2019: Looking Back
As the decade comes to a close, the Asia Program looks back at the news stories and analysis of the last year.
Throughout 2019, the Asia Program and the Wilson Center has continued their mission to provide insights on current events including diplomatic summits, trade disputes, international elections, and defense partnerships.
The year opened with the announcement of a second summit between President Trump and Kim Jong Un, scheduled for February in Vietnam. Jean Lee pointed out that the summit needed a roadmap to become more than a photo-op. Experts from the U.S. and Japan came together to look at the geopolitical implications of this new era and the hope for peace on the peninsula. Global Fellow Van Jackson came to the center to launch his new book, saying that Trump and Kim have “personalized this nuclearized confrontation” and that on the part of the U.S. “It feels pretty impulsive.”
The summit in Vietnam ended when the President walked away from negotiations. A few months later, North Korea was conducting more missile tests and welcoming Chinese President Xi Jinping. Then in June, President Trump traveled to the demilitarized zone to meet with Kim Jong Un and become the first U.S. president to set foot in North Korean Territory. Throughout the year, Jean Lee brought her experience and knowledge of North Korea to her reporting, discussing the country’s relationship to their nuclear weapons and explaining propaganda imagery of Kim Jong Un.
This year was the 40th anniversary of the Taiwan Relations Act, and the Wilson Center joined with CSIS and Brookings for a conference on the creation and implementation of the legislation featuring remarks from President Tsai Ing-wen. In October, members of the Asia Program visited Taiwan and spoke with President Tsai.
In February, we hosted a discussion with Senators Cory Gardner and Edward J. Markey on the future of U.S. policy in the Indo-Pacific. Events in November examined the cooperation between the U.S. and South Korea and the fate of grand strategy in the current era.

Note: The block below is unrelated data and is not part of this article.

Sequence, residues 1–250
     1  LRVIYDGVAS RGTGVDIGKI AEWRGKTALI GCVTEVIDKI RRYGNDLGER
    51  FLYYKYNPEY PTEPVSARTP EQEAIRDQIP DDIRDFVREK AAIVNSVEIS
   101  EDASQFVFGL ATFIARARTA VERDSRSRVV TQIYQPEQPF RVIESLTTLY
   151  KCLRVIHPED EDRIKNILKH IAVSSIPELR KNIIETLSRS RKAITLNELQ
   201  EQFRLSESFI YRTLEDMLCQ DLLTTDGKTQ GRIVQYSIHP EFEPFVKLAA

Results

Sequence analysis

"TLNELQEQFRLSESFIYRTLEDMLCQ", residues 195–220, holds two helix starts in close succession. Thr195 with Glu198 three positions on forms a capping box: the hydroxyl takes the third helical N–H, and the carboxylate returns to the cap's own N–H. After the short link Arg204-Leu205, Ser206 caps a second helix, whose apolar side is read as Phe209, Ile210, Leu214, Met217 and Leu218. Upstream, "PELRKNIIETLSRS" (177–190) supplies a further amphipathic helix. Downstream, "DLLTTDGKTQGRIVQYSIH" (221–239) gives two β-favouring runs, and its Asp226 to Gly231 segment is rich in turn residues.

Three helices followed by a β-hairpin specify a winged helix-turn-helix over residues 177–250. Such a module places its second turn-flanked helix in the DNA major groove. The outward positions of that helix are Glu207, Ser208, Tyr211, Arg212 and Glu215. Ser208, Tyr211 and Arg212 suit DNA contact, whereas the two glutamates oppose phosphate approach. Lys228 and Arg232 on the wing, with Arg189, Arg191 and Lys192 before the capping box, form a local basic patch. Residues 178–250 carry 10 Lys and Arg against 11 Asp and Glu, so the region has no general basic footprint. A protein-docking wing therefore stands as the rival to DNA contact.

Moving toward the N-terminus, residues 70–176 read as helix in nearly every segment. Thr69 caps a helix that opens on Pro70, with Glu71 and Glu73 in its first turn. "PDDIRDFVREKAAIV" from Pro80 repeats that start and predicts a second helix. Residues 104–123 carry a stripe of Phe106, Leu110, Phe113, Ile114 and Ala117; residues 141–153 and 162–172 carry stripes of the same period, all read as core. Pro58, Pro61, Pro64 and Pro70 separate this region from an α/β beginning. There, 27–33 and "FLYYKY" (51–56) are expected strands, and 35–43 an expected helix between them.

India and Pakistan had their “most serious crisis in nearly twenty years” in March and the Wilson Center gathered experts a few days later to discuss what it meant for regional stability and in May India re-elected Prime Minister Narendra Modi in a resounding victory that Michael Kugelman said was “a good thing for Washington-with caveats.” Asia Program experts looked at the results in a Ground Truth Briefing and an event in June.
Competition between the U.S. and China intensified, and trade disputescontinued to impact the region, including increased friction between Japan and South Korea. In November, a speech from Ambassador Alice Wells at the Wilson Center contrasted the China-Pakistan Economic Corridor with the U.S. approach to international development. The “speech heard round the world” drew quick responses from Islamabad and Beijing.
In a whirlwind of news this year, the U.S. announced that it was in advanced talks with the Taliban, attempting to bring an end to America’s Longest War. Those talks fell apart in September, and Kugelman said that the administration’s new plan of stepped-up assaults on the Taliban “has been attempted many times before. And it has never succeeded.” In October, experts gathered to discuss the 2019 elections in Afghanistan and the canceled peace talks. A November Asia Program event looked at the effects of the U.S. reconstruction efforts in the country.
The Asia Program expanded their coverage of Southeast Asia with work from Global Fellow Prashanth Parameswaran, who looked at Sulu Sea trilateral patrols, China’s security partnerships, Southeast Asia’s coast guards, and looking ahead to Vietnam’s foreign policy in 2020. We also launched “Why Can’t Pakistan Children Read? The Inside Story of Education Reform Efforts Gone Wrong,” a report from Global Fellow Nadia Naviwala looking at the systemic problems in Pakistani schools.
As a decade of change and evolution comes to a close, the Asia Program looks forward to continuing to provide analysis and insights in the year to come through our blog, publications, newsletter, and events.
The views expressed are the author's alone, and do not represent the views of the U.S. Government or the Wilson Center. Copyright 2019, Asia Program. All rights reserved.
About the Author
The Asia Program promotes policy debate and intellectual discussions on U.S. interests in the Asia-Pacific as well as political, economic, security, and social issues relating to the world’s most populous and economically dynamic region. Read more
Hyundai Motor-Korea Foundation Center for Korean History and Public Policy
The Center for Korean History and Public Policy was established in 2015 with the generous support of the Hyundai Motor Company and the Korea Foundation to provide a coherent, long-term platform for improving historical understanding of Korea and informing the public policy debate on the Korean peninsula in the United States and beyond. Read more